Fish Out of Water

Musings and observations about life from an East Coast native now living on the Left Coast in the California State Capitol since 2004. This fish has made her home in Madison, WI (7 years); Portland, OR (2 years); Las Vegas, NV (7 months); Middlebury, VT (3 summers); Marne-la-Vallee, a small town east of Paris, France (6 months); Middletown, CT (3 years); and Marshfield, MA, the fish's coastal hometown 40 miles south of Boston (17 years).

Location: Sacramento, California, United States


Washington, D.C. Trip (Part 2)

Friday, May 13 - Conference Wrap-Up, National Portrait Gallery
I met up for lunch with my mentee R on Friday at Matchbox Chinatown and then spent about 30 minutes at the nearby National Portrait Gallery, based on her recommendation. So amazing that most of the museums in D.C. don't charge any admission fee! I enjoyed some of the portraits of contemporary figures, such as the four female Supreme Court Justices and author Toni Morrison:

I spent the most time in the exhibition of American Portraiture Today, which features submissions from artists across the country who work in a variety of media to create their portraits:

And I couldn't resist a few animal pictures and sculptures as well...

Saturday, May 14 - National Museum of Women in the Arts
The cloudy and rainy weather finally broke on Friday afternoon, and it was lovely to see the sun when I woke up on Saturday morning. So frustrating that I'm still not running again yet after my surgery, as it would have been so great to get out to enjoy the area! I made do with walking to the White House and along the National Mall on my way back to the hotel after my wonderful morning visit to the National Museum of Women in the Arts.

I had very fond memories of this Museum from the trip that Mom and I took to D.C. in spring 2001, and I wasn't at all disappointed with my return visit. The current exhibition, She Who Tells a Story, features women photographers from the Arab world. Their images were striking, emotional, political, ironic, revealing, intriguing, and moving. Several of them were accompanied by comments from the photographers themselves that could be accessed via a free cell-phone audio guide to provide additional insight into the context, motivation, and messages behind the images.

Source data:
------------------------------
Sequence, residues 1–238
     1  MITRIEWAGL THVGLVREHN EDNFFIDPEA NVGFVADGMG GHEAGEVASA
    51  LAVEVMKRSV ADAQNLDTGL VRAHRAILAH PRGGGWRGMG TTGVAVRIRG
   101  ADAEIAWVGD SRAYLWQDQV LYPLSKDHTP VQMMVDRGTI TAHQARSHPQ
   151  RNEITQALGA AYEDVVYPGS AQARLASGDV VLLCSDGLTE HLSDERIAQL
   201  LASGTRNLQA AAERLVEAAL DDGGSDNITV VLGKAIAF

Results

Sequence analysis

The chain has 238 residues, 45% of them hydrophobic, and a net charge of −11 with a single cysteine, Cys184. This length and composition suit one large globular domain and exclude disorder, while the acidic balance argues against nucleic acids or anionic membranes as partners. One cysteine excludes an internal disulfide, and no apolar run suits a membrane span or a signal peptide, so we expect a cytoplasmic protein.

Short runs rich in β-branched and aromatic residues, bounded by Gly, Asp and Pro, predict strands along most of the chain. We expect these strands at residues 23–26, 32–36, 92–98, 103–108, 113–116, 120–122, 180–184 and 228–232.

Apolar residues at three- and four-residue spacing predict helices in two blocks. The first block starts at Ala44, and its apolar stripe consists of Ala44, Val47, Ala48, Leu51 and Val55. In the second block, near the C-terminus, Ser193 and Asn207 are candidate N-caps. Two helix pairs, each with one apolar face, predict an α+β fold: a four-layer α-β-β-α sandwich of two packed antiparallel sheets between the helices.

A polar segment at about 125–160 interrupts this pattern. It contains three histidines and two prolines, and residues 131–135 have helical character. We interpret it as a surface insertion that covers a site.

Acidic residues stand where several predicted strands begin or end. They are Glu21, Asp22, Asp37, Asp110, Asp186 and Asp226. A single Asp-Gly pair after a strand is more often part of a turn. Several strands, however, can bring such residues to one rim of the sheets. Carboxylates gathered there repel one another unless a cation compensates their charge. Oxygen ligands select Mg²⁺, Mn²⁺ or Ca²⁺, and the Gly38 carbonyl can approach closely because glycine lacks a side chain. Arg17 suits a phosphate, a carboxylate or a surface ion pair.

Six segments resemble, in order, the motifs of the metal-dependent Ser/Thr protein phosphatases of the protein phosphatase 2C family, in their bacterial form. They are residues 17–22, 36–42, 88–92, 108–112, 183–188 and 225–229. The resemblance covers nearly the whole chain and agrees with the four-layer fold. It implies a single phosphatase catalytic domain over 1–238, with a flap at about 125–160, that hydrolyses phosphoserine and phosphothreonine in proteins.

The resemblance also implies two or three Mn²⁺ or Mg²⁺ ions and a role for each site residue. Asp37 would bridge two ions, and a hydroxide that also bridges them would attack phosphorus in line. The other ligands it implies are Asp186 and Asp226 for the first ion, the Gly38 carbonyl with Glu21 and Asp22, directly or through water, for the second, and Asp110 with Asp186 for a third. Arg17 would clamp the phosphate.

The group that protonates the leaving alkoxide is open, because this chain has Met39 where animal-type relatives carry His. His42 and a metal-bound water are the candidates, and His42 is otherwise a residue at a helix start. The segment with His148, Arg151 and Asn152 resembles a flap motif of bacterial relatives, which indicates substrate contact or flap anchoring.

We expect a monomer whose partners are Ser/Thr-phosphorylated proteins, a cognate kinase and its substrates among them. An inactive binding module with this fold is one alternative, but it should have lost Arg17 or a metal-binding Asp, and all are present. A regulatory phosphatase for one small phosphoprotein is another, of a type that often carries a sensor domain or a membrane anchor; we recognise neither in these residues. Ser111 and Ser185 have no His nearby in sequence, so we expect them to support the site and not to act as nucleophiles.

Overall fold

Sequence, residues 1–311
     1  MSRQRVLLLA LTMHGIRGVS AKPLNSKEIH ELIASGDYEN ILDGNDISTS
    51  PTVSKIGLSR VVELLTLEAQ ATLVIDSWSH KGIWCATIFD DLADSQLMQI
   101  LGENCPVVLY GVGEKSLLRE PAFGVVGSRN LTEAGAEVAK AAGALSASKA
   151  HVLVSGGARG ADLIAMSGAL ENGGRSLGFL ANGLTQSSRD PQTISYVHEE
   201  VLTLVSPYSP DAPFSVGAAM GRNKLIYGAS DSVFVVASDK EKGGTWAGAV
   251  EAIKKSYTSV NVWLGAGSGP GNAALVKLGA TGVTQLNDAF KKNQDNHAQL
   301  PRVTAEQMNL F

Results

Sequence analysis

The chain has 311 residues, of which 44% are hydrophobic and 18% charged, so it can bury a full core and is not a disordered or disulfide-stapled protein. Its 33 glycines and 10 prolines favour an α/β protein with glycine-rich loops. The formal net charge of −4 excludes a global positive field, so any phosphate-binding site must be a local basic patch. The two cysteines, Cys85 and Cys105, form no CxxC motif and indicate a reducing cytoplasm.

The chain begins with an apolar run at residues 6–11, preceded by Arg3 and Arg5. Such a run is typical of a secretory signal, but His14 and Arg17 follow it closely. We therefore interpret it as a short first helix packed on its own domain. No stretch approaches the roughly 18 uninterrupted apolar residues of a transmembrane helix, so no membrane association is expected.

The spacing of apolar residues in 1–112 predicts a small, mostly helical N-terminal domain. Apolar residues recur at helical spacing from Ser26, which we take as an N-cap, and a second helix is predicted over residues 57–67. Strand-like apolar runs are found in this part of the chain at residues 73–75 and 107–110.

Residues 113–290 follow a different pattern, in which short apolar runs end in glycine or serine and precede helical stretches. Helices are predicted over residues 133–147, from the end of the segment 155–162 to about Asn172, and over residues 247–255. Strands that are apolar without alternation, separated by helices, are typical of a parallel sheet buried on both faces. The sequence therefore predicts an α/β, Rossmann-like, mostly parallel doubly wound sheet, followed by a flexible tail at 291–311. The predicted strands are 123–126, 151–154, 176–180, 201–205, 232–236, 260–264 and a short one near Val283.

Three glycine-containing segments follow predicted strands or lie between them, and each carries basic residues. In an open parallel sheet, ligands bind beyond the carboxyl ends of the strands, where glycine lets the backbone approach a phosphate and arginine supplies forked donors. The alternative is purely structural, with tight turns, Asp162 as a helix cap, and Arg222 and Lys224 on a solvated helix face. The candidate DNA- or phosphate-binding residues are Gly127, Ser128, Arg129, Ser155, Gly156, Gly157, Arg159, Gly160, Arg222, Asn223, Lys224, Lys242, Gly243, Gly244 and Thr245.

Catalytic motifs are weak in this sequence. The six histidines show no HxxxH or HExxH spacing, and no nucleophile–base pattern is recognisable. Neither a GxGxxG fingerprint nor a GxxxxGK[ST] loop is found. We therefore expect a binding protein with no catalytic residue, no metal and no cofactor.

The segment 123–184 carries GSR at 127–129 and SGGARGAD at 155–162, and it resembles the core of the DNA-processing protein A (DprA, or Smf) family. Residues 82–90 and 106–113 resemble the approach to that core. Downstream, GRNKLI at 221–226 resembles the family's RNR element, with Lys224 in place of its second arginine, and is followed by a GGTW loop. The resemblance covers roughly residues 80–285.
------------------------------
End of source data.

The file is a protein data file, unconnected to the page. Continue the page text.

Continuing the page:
A series of images features a "newlywed couple" in various settings that contrast scenes from their daily life with a war-like environment. Here, they're behind a sandbag bunker celebrating something with a cake.

I eventually realized that filling the frame with the artwork was more effective than trying to line up a perfect shot to feature the work hanging on the wall of the gallery. This close-up of the woman with a gun by her ear is overlaid by arabic text written across the image. I also rather like that the reflection vaguely shows another photograph on the opposite wall as well as a faint image of myself taking a picture of the picture.

Which item doesn't belong in this fruit bowl???

A series of images was printed as negative impressions, throwing everything into stark contrast with the reversal of what you'd expect to see printed as white versus black.

This image comes from a series that evoked potential album covers from female singers who are forbidden from performing in their country.

I know this panorama is difficult to see, but it shows a mother, daughter, and baby doll in a sequence from left to right as they all get more and more covered, losing their identities and their smiles, until the final image shows only the black cloth of the drapery that hid them.

This is another in the series featuring images with arabic text written on top.

The six women above are the singers who can't perform in their country. The exhibition included this display of six still photos of the performers along with a similar display on the opposite wall that showed videos of them singing with no sound, highlighting again the loss of their voices.

The designs and patterns overlaying the lounging woman in this tryptych are bullets and shell casings...


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